“So far, all campaigns [since the beginning in 2013] have set a monetary target and, in general, they have always been exceeded,” said Laura Zommer, director of Chequeado, to the Knight Center.

For Zommer, the first campaigns were fairly important in terms of money raised, but now they are crucial especially for their reputation.

“It is also a way to focus the organization, which works in accountability and seeks to build community loyalty during that month. In that sense, [the campaign] also serves to align the whole team and not just the one who is usually in charge of the search for funds,” Zommer said.

For example, thanks to the 2013 crowdfunding project, they developed Dato Chequeado. This application allows users to share data and documents of public interest. Then, Chequeado validates the information and uploads it to an open platform, with open access, to generate greater exchange of collective knowledge.

This year, Chequeado created the Small Donors (Pequeños Donantes) campaign, with which they seek to incorporate three new donors each month. This alternative financing method is only promoted on its website and through accounts on social media. They also promote it through a weekly newsletter sent to followers.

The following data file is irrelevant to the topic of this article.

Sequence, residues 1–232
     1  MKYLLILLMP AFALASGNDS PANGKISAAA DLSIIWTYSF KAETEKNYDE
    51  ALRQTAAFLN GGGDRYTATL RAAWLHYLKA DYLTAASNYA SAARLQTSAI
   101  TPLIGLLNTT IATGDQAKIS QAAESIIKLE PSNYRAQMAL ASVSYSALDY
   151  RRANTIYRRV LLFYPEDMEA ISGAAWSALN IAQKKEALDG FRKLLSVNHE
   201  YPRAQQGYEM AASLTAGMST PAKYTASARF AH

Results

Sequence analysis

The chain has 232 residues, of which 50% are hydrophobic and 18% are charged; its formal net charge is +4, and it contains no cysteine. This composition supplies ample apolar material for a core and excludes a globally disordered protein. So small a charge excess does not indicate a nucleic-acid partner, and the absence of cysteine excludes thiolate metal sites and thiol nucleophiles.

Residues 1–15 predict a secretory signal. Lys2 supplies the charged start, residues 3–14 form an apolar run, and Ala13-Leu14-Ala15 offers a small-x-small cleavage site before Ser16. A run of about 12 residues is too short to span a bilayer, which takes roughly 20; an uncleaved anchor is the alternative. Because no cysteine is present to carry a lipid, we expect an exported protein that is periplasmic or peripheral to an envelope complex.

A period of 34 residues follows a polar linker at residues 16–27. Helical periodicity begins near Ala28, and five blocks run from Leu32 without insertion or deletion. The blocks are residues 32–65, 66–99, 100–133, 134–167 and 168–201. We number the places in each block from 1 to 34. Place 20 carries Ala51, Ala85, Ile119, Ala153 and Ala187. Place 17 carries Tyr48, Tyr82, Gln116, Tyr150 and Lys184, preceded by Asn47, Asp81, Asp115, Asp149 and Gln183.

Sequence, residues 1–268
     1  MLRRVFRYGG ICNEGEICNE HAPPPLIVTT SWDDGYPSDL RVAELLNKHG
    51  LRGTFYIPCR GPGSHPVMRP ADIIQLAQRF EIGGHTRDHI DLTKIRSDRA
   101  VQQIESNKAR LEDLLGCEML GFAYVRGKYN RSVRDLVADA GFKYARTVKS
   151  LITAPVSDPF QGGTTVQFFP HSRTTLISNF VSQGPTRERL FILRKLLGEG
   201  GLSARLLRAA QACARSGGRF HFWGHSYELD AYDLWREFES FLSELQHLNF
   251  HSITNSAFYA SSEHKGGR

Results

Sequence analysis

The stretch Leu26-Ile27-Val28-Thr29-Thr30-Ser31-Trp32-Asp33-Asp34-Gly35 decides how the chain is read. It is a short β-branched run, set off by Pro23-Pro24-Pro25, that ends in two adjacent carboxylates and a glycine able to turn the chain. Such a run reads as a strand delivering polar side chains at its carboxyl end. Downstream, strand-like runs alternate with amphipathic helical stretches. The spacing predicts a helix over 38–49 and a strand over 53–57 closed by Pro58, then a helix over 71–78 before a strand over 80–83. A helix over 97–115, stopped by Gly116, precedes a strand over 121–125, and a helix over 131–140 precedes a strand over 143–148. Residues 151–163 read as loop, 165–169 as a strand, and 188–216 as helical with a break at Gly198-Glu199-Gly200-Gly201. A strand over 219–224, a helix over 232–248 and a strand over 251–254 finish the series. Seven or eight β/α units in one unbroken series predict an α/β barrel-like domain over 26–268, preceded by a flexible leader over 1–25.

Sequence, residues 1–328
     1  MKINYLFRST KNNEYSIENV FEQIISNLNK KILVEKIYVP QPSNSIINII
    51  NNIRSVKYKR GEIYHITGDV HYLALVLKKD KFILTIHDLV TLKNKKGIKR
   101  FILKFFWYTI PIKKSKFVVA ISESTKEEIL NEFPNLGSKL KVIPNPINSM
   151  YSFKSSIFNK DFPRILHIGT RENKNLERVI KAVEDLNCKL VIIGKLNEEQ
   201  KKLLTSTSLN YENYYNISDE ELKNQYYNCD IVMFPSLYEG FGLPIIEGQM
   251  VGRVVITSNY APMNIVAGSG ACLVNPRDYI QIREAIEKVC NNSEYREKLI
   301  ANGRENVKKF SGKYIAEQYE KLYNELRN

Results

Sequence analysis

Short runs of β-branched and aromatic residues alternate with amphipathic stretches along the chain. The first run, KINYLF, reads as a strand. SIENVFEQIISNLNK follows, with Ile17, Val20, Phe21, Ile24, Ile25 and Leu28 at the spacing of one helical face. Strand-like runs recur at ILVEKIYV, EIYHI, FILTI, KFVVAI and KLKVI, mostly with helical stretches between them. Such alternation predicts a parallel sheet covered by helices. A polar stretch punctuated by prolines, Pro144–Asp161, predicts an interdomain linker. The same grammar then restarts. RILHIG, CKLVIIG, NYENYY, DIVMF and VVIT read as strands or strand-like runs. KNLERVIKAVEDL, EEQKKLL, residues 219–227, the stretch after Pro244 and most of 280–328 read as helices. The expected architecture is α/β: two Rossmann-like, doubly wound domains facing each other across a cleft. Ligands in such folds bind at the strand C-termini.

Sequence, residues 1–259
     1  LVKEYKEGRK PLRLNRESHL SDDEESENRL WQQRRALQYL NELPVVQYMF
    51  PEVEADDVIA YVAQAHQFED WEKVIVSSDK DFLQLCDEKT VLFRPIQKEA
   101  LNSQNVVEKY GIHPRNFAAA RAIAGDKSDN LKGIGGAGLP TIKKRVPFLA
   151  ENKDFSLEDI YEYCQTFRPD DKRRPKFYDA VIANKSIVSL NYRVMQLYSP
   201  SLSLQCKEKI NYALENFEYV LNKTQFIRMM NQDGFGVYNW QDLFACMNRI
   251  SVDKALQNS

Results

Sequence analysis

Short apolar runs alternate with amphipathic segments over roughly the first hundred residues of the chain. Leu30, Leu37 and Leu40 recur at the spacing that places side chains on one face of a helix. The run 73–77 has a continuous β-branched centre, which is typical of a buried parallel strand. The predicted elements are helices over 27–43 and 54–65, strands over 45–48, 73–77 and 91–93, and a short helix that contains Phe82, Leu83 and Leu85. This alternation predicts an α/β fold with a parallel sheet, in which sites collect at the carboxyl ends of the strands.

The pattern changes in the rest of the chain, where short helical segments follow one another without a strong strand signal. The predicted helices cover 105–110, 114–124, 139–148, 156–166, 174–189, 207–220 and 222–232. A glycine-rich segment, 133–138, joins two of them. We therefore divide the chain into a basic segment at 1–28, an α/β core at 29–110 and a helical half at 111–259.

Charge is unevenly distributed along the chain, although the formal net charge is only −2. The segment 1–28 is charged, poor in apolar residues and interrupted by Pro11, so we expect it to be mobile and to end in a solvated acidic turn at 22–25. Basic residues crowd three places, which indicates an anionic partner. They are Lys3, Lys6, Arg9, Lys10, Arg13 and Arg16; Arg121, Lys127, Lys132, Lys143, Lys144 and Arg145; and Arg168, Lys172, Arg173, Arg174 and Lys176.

Unlike La Silla Vacía, Chequeado has established a monetary goal with each of the four campaigns it has carried out.

In the successful 2016 campaign, which ran from Sept. 16 to Oct. 18, the goal was 140,000 Argentine pesos (about US $9,000) and they ended up raising $173,128 Argentine pesos (almost US $11,000).

Another common denominator in the crowdfunding experiences of the digital media sites consulted is that their compatriots participate in greater numbers with their contributions.

In many cases, however, much of the money they collect comes from donations made abroad.